I’m not sure I would have minded getting a teddy bear, which I would promptly have given to one of my grandchildren. I would positively have appreciated the stress-ball given that life has become such a hassle. As to the perfume, there I might have balked at the possibility of getting a stinky bottle.
Other instances included ministers of candidates distributing bottles of wine, visiting a care home’s residents and gifting them with small bags of oranges, handing out roly-polies to elderly patients quarantined during the COVID-19 pandemic with the message “Courage” emblazoned on them, and giving out cupcakes for Mother’s Day. One candidate took the practice to a whole new level, offering free maths private lessons to primary students.
It is not uncommon for candidates’ offices to cold call constituents and ask them whether they “need anything”. I myself got such a call after the General Election proclamation. I refrained from requesting a hamper of oranges, roly-polies, and cupcakes, and perhaps a bottle of Petrus wine, even though I have a sweet tooth.
The gifting allegations do not seem to have had a serious negative impact on the candidates themselves or the government. The indifference reveals how electoral gifts seem to operate as a medium through which many citizens can come to know the personal qualities and capabilities of a candidate. Perversely, electoral gifts seem to be valuable to Maltese electors as they navigate a democratic landscape that has become increasingly ‘atmospheric’ and ‘conspiratorial’ in recent years, with a near-constant buzz of speculation surrounding the intentions, identities and activities of politicians.
It almost seems that gifts serve a strategic purpose to help candidates make themselves visible as viable political contenders, chiefly by showcasing their “qualities” to get things done, which one might argue are fundamental to political ideas and delivery. It almost suggests that gifting is also a constitutive element of the deepening entanglement between democracy and capitalism in Malta, which appears to be giving rise to hyper-personalist and economy-centric politics.
The latest confirmation of this was the survey carried out by Sagalytics for the University’s Faculty for Social Wellbeing, which found that a bread-and-butter issue ─ the cost of living ─ was the second most important issue for voters whereas the fight against corruption placed eighth. Also, only 35.4% disagreed with politicians offering a preferential service.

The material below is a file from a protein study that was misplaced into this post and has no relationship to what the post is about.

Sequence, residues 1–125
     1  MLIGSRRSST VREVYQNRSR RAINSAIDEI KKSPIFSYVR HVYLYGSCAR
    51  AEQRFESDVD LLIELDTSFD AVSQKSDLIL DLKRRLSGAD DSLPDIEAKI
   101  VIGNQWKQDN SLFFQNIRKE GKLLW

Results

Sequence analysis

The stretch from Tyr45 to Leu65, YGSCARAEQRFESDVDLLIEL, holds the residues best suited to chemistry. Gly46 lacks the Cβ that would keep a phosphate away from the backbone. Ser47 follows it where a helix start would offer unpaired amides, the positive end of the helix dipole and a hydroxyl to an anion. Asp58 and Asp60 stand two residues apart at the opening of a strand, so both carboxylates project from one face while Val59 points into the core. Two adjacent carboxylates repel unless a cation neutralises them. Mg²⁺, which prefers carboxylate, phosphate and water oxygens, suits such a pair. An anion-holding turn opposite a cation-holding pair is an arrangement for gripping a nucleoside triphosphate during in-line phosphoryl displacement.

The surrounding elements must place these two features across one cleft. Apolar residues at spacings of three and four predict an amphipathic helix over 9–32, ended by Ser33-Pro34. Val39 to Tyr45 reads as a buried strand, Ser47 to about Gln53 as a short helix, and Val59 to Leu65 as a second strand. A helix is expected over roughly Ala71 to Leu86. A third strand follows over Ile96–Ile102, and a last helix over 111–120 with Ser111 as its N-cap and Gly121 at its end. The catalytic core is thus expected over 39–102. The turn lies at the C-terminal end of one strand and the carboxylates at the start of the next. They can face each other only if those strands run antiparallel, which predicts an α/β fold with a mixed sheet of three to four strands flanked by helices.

The expectation of an obligatory return is what makes the act of a politician distributing things during a parliamentary election season appear as a form of corruption, bribery, or coercion that, critics say, ‘vitiates democracy’. Such a view reflects liberal ideals that hold that voters in a democratic government system have a fundamental right to exercise independent individual judgement when casting a ballot, and that material goods given by political actors to citizens prior to elections can cloud this judgement and make free choice impossible.
A problem with the classic argument that electoral patronage clouds voters’ judgment and makes free choice impossible, is that voters are always exposed to a host of dynamics that unevenly influence their electoral decision-making. In a study of patronage politics in India, Dr Dusi Srinivas made the case that election-season offerings should not be singled out as having an ‘undue’ coercive effect on voters’ choices compared to the multiplicity of other political influences that invariably exist.
Srinivas details how farmers in a village pragmatically draw on gifts that they receive from patrons to skilfully assess the qualities and capabilities of political contenders; it is through such moral deliberation that citizens see themselves not as passive client-voters, but as proactive and reasoned electoral decision-makers. I could count myself as one of them, even though I am not a farmer.
I recently found a biro from one politician in my letterbox. I do not feel I am being bribed to vote for him at all, but I am happy that, rather than giving me oranges, he gave me a pen. After all, as they say, the pen is mightier than the sword.